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Large-scale continuous mobility surveys have some advantages over less frequent (usually every 10 years), even larger-scale cross-sectional surveys; these advantages have…
Large-scale continuous mobility surveys have some advantages over less frequent (usually every 10 years), even larger-scale cross-sectional surveys; these advantages have been well documented in previous papers (Ampt & Ortúzar, 2004).
In this paper we first define what we mean by ‘ongoing mobility surveys’. We then describe the state of practice in this context, briefly reviewing the state of affairs in all the cases that we are aware of. We then discuss some problems encountered in practice and offer ideas for improvement. In particular, we discuss a wide range of issues that are likely to act as barriers to a high quality and sustainable implementation and suggest approaches for improvement. Issues covered include sampling frames and sampling methods, survey methods, respondent burden, weighting processes and expansion, and the increased importance of developing and maintaining field staff motivation. We also touch briefly on the practical/political issue of securing ongoing funding. Throughout, we advance some thoughts to try and explain why this method has not gained wider acceptance, particularly in the Northern Hemisphere where there are more examples of travel surveys in general.
The paper also raises some ideas and issues about the way in which ongoing mobility surveys can best collect data for the environmental accounting of travel. Finally, we raise questions about the environmental impact of the survey methods themselves as a stimulus for further consideration.
Over the past decade, transportation researchers have leveraged global positioning system (GPS) technology to improve the accuracy and increase the depth of spatial and…
Over the past decade, transportation researchers have leveraged global positioning system (GPS) technology to improve the accuracy and increase the depth of spatial and temporal details obtained through household travel surveys. While earlier studies used GPS as a supplement to traditional household travel survey methods, measuring the accuracy of trips reported (Wolf et al., 2006), studies are now underway to identify the methods and tools that will allow us to do away with paper diaries entirely and simply rely on GPS to obtain trip details. This paper finds that while GPS clearly helps to improve participation among some groups, it decreases participation among others. Thus, it should be considered a tool in the household travel survey toolbox and not “the” solution to non-response issues in household travel surveys.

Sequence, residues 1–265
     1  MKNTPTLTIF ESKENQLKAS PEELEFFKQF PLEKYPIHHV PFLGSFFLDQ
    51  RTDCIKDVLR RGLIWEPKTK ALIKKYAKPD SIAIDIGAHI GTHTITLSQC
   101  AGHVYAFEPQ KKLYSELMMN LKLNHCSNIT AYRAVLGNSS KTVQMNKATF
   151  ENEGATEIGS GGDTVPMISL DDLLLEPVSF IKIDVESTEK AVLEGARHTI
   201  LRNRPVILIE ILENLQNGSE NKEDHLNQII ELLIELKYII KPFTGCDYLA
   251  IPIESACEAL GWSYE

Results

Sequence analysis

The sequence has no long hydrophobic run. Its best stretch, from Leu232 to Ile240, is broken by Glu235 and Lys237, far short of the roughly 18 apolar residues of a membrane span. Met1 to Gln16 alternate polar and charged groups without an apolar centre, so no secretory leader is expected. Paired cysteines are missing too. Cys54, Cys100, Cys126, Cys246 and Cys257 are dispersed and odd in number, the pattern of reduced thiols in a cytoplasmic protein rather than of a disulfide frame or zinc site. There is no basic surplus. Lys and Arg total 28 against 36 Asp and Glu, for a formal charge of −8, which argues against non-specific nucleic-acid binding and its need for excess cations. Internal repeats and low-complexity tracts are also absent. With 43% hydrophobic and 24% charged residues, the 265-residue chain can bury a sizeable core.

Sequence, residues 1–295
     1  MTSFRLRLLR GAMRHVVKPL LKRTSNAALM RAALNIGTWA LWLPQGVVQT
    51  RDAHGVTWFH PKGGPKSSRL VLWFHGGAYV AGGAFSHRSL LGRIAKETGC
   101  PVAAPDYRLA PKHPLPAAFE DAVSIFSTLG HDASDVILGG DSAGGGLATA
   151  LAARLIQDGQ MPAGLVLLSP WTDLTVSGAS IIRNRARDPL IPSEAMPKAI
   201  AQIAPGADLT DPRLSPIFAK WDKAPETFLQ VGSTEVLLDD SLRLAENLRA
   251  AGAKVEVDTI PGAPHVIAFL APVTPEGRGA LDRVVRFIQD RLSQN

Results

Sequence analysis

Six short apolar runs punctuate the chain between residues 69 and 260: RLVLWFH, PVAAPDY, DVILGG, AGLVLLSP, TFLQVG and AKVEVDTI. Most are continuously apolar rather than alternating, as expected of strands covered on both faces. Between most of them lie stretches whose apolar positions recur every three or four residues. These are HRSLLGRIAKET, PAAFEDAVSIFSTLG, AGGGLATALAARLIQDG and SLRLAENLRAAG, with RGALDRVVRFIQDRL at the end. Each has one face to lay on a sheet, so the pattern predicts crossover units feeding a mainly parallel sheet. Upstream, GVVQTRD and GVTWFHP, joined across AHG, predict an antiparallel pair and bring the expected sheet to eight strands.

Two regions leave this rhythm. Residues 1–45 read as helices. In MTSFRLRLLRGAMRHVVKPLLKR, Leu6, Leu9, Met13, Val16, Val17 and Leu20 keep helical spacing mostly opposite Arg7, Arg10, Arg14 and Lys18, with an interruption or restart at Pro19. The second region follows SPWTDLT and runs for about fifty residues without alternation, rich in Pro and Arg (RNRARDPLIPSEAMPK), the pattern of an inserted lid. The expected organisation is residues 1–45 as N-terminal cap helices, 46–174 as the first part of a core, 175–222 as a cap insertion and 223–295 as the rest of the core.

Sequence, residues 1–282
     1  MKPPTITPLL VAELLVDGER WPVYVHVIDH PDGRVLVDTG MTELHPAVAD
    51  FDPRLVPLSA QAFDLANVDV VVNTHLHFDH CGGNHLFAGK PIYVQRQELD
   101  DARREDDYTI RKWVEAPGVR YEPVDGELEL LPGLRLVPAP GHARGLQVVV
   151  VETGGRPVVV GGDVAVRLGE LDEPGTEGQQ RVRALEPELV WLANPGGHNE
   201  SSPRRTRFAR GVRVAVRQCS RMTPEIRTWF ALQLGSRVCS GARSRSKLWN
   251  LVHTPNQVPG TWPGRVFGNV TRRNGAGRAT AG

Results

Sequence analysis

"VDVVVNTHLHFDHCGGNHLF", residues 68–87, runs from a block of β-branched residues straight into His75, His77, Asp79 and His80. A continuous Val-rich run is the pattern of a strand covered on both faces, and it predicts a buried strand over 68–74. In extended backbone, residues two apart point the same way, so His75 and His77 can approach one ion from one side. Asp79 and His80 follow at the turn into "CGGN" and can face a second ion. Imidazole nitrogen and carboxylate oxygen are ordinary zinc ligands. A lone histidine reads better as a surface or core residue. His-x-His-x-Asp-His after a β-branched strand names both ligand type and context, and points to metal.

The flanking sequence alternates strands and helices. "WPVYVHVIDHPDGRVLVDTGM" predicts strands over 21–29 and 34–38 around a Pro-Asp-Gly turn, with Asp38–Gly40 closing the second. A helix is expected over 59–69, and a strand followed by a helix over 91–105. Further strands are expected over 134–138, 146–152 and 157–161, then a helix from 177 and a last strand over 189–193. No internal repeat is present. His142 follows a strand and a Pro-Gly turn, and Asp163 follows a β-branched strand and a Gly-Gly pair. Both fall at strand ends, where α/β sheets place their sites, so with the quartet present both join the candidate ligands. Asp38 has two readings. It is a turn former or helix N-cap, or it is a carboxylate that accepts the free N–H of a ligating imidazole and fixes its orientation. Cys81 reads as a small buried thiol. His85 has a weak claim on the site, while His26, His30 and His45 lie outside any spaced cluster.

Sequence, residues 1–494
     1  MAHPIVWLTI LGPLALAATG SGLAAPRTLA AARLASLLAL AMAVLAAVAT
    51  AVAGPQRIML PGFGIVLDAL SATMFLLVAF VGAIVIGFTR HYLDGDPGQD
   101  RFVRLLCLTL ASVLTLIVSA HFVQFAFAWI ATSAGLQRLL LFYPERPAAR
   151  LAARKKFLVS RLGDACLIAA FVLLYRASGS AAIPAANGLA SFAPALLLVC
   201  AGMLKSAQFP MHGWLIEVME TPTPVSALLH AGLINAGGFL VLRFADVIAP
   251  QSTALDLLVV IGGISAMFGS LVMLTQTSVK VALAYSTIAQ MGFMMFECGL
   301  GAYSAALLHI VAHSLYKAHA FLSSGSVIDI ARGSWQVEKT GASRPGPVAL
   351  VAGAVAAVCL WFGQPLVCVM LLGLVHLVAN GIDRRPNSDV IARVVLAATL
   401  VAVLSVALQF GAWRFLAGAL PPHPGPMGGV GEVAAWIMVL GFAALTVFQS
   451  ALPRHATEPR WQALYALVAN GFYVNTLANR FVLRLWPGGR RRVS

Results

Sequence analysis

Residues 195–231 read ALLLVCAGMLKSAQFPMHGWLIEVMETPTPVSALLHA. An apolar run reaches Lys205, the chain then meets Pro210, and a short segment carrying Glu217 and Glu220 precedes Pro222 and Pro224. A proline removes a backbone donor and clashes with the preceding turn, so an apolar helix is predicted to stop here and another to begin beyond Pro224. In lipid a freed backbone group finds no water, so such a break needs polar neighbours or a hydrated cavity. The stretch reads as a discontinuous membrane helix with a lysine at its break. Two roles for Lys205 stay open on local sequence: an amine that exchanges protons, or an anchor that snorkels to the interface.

The purpose of this chapter is to provoke thinking about the directions in which the travel survey toolkit should move in the near future based on the author's personal…
The purpose of this chapter is to provoke thinking about the directions in which the travel survey toolkit should move in the near future based on the author's personal experience and as an outcome of the Travel Survey Methods conference. The chapter begins with a brief historical review that attempts to show some of the major elements of change that have occurred in travel survey methods over the past 40–50 years. A more detailed review is provided about developments over the past 10–15 years. The chapter then explores a number of emerging challenges, including telephone contact of potential respondents, computer-assisted surveys, Internet surveys, mixed-mode surveys, the impacts of language and literacy and the potentials of mobile technologies. Based on this, the chapter then considers future directions that should be pursued. The chapter suggests that it has been changes in survey methodology that have, in the past, sometimes enabled and at other times led to changes in modelling paradigms, and that this may be an appropriate time for travel survey methodology again to enable changes in modelling paradigms. A speculative specification of a new household travel survey that makes use of a number of these developments is then offered. The chapter ends with some concluding remarks that issue a challenge to the travel survey community to think ‘outside the box’ and foster change and improvement in the accuracy and representativeness of travel surveys.
Purpose — This paper describes what the authors believe to be the first GPS-only full-scale household travel survey.Design/methodology — The survey commenced in early 2009…
Purpose — This paper describes what the authors believe to be the first GPS-only full-scale household travel survey.
Design/methodology — The survey commenced in early 2009 with the conduct of a pilot survey to help establish various parameters and procedures for the main survey. The main survey commenced in August 2009 and was completed in August 2010. It was designed as a household travel survey to be collected steadily over a 12 month period. The target sample size was originally set at over 3500 households, although this target was reduced downwards during the course of the survey. Each household member over the age of 12 was asked to carry a GPS device with them everywhere they went for a period of 3 days. After the 3-day collection period was completed, GPS devices were retrieved from households, the data were downloaded and processing of the data commenced. The study also involved a PR survey performed on the Internet.
Findings — The paper concludes with lessons learnt from this GPS-only survey and suggestions for how future GPS-only surveys might be conducted.
Originality/value of the paper — The paper describes the first GPS-only household travel survey and concludes that it is now feasible to conduct household travel surveys by GPS.